The Port of Little Rock has generated nearly $5.1 billion in economic activity in central Arkansas in the last decade and contributed almost $2.5 billion in gross regional product (GRP) to the local economy over the same period, according to a study commissioned by the authority’s board of directors.
Bryan Day, executive director of the Little Rock Port Authority (LRPA), told Talk Business & Politics on Thursday (April 6) that the authority’s board of directors hired Little Rock-based Boyette Strategic Advisors in the spring of 2016 to calculate the true economic impact of the Arkansas River port on the city and Central Arkansas.
“When I came out here, everyone always talked anecdotally about what an important facility this was and what it meant to the economy, and how many people worked here, and taxes and infrastructure and all those economic indicators, but there was no analysis or economic report,” said Day, who was hired by LPRA in July 2014.
Given its charge, the Little Rock consulting firm’s analysis was based on direct effects that capture the change in final demand of directly impacted industries; indirect effects to identify business-to-business spending and induced effects of increased household spending.
“What we found was that over the last 10 years, we (Little Rock port) had a $5.1 billion impact,” Day said. “We realized when the report was done that we are not the largest economic engine in the state by any means, but if you look at everything and the impact on the local community that this port has, it plays a significant role …”
The Central Arkansas port is part of the 448-mile McClellan-Kerr river shipping lane that runs from the Mississippi River northwest to 15 miles east of Tulsa, Okla. The three-state river navigation system includes 18 locks, shipping 12 million tons annually with a cargo value of $3.9 billion.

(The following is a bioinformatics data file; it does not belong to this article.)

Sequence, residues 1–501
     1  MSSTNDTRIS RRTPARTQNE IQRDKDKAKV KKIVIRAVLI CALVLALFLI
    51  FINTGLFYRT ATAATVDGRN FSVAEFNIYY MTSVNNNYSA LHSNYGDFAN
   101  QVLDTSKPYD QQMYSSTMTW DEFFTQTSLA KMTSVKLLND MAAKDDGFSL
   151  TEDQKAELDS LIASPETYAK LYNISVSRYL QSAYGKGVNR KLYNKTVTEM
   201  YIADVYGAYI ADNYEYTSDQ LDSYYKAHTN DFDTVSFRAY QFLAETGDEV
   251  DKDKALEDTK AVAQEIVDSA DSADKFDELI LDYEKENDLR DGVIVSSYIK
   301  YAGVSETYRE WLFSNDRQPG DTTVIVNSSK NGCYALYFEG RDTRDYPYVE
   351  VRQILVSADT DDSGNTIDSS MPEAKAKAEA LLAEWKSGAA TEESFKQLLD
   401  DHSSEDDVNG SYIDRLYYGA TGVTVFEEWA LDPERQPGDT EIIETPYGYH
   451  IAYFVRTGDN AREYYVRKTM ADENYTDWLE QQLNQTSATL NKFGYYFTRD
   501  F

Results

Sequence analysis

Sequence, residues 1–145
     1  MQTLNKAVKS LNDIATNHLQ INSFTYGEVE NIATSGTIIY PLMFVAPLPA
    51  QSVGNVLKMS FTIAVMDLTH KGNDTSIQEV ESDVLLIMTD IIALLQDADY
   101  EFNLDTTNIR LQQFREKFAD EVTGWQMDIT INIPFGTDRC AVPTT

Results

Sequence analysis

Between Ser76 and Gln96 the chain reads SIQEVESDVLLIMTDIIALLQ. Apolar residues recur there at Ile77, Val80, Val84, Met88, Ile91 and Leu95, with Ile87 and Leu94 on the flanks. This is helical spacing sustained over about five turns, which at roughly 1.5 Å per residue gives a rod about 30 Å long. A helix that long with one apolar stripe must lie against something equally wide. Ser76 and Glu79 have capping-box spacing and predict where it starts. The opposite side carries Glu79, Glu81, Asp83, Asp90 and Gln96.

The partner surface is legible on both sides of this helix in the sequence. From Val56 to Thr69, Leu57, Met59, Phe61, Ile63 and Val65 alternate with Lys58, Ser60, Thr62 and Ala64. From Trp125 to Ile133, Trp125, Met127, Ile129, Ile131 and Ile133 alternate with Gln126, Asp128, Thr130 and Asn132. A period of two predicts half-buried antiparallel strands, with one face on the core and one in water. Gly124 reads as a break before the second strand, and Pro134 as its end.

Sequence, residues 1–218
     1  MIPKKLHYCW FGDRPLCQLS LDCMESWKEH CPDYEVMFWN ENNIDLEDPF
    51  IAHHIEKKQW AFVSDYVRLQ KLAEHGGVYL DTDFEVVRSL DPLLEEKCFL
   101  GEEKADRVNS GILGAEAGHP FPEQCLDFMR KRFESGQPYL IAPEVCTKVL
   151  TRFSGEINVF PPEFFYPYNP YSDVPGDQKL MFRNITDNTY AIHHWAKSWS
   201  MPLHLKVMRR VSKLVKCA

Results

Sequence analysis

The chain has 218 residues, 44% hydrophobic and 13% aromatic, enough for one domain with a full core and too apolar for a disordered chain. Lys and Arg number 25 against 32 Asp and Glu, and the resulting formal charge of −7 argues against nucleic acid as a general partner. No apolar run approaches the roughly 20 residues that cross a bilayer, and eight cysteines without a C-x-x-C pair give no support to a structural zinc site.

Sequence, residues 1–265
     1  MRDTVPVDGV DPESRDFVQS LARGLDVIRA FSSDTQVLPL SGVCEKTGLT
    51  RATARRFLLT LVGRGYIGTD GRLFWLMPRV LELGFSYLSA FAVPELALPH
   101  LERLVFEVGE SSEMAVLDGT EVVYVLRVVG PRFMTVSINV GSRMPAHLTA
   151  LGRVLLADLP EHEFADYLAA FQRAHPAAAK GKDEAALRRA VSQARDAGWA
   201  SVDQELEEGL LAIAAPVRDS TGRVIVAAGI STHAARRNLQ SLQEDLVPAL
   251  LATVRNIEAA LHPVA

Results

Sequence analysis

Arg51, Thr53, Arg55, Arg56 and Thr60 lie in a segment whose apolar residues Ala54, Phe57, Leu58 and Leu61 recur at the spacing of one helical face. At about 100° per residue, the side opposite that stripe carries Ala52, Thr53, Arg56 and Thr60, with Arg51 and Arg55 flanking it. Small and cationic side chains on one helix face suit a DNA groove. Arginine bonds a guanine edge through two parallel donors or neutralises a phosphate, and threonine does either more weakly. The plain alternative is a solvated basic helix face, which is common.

Facilities at the Little Rock port provide access to the Arkansas River levee and docking facilities where the 2,600-acre industrial port has more 40 active businesses that employ more than 3,500 workers. In addition, the Union Pacific Railroad and the BNSF serve the Port of Little Rock’s switching railroad, handling more than 10,000 cars yearly. The port is also near Interstates 30 and 40 is also within five miles of the river port, which ships goods and products from Arkansas and the regional manufacturers that cater to global markets.
Besides the newly released economic impact study, LRPA also has recently completed its 2016 annual report. (Link here for the PDF of the report.) The authority’s first-ever annual report was released in 2015.
Following are some of the findings of the economic impact study.
• Port Water and Rail Operations
The operations of the River Port and the LRPA Railroad had an impact of $38 million and made a contribution of nearly $19 million to the Gross Regional Product (GRP) of the City of Little Rock between 2005 and 2015. As part of this contribution, the operations of the Port supported 123 jobs in the city with a combined payroll of $9.1 million over 10 years.
• Facility Construction and Investment at the Park
During 2005-2015, more than $143.8 million was invested in construction projects at the Park. The Little Rock economy benefitted more than $124 million from those construction projects, beyond the initial investment of $143.8 million, for a total impact of $222 million. In addition to contributing more than $124 million to the city’s GRP, construction activity at the Park supported 1,539 jobs. State and local taxes generated as a result of construction at the Park in the ten-year span total more than $4.7 million for the Little Rock study area.
• Employment at Little Rock Port Industrial Park
One of the most significant contributions the Port of Little Rock makes to the City of Little Rock and Pulaski County is the workforce employed by companies and facilities located in the Park. It is estimated that 3,298 were employed in the Park in 2015, an increase from 1,652 in 2005. More than $1.8 billion has been contributed to the Little Rock GRP by facilities at the Park from 2005 to 2015 resulting in a total impact of $4.1 billion. Total payroll for this time period was nearly $900 million and state and local taxes generated were more than $135 million.
The same decade saw $33.5 million has been invested in infrastructure. Spending on infrastructure created an impact of more than $25 million to the Little Rock economy. Over the measured time period, nearly 300 infrastructure jobs were supported with a total payroll of $18 million